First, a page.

Sometimes our postings on Living Between Wednesdays are a bit, well, sporadic. Other stuff is always popping up to keep us from posting new reviews and articles regularly, like Rachelle’s new baby or Tiina’s new job. The only one who seems immune to this particular phenomenon is Johnathan, who I’m beginning to suspect has no need for sleep or sustenance. My biggest excuse—other than just the usual divide between my full-time job and the need for social activity and general day-off lazening—is the completion of my online comic, Slam-A-Rama. At this point, you may be thinking, “Hey, wait a minute! This guy drew me into what I thought was an apologetic post about his lack of blog contributions, but now it’s morphing into a plug for his comic!”. If that is indeed what you are thinking…congratulations, that’s exactly correct. Sorry ‘bout that, but I’ve been working super hard on it and I really want people to check it out, and this seemed like a good way to introduce the comic to a bunch of new readers. Plus, LBW founder Rachelle urged me to do it, and who am I to argue?
Slam-A-Rama is a (projected) 120-page story that takes place on one night, during a superstar Pro Wrestling extravaganza in 1987. Over the course of this evening, a variety of dramas play out, both in the ring and backstage, amongst a diverse group of characters at various stages in their careers. Some of the protagonists, like Terry “The Tarantula” Purvis, Kreegah the Jungle Lord, or Jack Jordan, AKA the U.S. Male, are at the top of their game, and others, like Andy Reddick or the Crockett-and-Tubbs-inspired tag team Miami Heat, are on their last legs. The business end of the Unlimited Wrestling Federation is in turmoil as well, the victim of a bitter power struggle between UWF owner and founder Burt MacKinley and his ambitious son and heir apparent, Val. The marketing revenue brought in by promotional tie-ins like wrestling-themed record albums and Saturday morning cartoons promise to make millionaires out of some performers, while drug abuse and health issues threaten the livelihood of others.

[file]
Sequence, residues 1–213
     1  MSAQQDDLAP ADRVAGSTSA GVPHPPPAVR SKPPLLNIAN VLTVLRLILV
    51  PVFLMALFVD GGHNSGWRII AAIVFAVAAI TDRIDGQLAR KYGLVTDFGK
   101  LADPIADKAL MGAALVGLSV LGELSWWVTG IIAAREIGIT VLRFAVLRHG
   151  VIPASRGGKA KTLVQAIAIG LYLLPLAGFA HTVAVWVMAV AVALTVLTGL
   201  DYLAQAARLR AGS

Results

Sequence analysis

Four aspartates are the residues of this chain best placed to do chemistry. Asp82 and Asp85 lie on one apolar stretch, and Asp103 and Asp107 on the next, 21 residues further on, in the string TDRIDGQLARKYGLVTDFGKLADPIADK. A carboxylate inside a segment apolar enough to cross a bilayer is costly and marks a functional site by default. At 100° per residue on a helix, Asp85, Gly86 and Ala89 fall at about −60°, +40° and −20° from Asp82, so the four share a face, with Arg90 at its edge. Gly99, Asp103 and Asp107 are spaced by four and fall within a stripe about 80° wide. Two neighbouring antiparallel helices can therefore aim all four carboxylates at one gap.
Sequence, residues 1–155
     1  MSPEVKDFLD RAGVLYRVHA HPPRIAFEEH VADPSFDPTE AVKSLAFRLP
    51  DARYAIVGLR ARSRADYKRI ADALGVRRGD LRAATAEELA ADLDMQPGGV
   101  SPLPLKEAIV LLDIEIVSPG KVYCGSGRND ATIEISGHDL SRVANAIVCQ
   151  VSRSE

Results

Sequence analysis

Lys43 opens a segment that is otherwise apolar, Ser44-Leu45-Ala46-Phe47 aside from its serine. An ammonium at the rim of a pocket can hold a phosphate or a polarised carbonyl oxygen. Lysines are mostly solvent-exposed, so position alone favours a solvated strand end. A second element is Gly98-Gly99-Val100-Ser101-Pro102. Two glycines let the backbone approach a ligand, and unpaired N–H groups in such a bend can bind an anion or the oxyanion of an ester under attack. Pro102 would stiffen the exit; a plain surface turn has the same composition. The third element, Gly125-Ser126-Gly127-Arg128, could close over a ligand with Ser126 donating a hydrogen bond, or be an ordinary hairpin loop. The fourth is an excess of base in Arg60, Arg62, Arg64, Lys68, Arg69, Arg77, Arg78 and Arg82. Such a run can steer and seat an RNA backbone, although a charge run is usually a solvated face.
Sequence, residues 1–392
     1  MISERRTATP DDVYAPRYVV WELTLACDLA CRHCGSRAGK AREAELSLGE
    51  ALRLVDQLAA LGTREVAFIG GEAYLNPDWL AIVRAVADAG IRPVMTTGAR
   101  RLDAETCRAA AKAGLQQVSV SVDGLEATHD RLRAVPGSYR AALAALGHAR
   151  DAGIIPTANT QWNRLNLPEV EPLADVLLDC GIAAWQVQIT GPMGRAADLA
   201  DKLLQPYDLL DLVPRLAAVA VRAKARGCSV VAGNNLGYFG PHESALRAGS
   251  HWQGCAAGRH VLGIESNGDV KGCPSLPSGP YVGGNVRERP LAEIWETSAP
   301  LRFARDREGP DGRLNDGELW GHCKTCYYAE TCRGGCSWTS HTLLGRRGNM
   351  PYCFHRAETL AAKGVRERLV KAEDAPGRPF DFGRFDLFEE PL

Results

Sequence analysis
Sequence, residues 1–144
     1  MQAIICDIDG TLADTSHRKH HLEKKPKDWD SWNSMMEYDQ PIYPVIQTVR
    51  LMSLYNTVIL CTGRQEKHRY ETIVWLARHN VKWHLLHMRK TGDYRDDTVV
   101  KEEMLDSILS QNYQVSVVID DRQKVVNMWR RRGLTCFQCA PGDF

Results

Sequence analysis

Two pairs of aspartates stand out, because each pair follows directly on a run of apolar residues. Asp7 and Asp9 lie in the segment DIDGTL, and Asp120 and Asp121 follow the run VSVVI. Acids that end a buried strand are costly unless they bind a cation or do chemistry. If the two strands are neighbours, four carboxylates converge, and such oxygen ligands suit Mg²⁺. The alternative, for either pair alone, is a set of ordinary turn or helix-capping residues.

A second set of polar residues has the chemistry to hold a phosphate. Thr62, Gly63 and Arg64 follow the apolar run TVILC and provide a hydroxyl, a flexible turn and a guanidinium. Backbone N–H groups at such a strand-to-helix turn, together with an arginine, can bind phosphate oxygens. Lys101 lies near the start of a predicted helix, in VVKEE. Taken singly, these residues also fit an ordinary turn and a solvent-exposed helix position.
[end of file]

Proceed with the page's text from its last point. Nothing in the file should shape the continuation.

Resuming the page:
This comic was inspired by my own love of ridiculous WWF extravaganzas like Wrestlemania III during the height of Reagan-era excess when I was a kid, so I wanted to play with the stereotypes of the time while peeling back the curtain to examine what forces might have driven people prone to wearing unitards and subjecting themselves to crazy gimmicks and codenames. Just as importantly, however, I was inspired by Robert Altman’s 1975 film Nashville—if you haven’t seen it, I strongly urge you to check it our right away. It follows a group of country music performers, utilizing an ensemble cast of about 24 main characters, to examine a country still struggling with the disillusionment of Vietnam and Watergate. The rambling, 2 and ½ hour story alternates between dramatic interludes and terrific musical performances (mostly written and performed by the actors themselves—Keith Carradine’s Oscar-winning ballad I’m Easy is a show-stopper). Although I’m not a country music fan, I loved the idea of mixing the dramatic elements with the performance elements, and that more than anything inspired me to combine character drama with (hopefully) action-packed wrestling matches in Slam-A-Rama, while using a very specific entertainment medium to examine a period in American history the way Nashville does. So hopefully, even if you don’t like wrestling, you’ll find something to appreciate in Slam-A-Rama, just like I, a non-country music fan, did with Nashville.
All right, enough of that. If any of this interests you, please check out Slam-A-Rama here, where you’ll find the first 25 pages and some bonus artwork, as well as new pages being added every Monday, Wednesday, and Friday. We now return you to your regularly scheduled blog.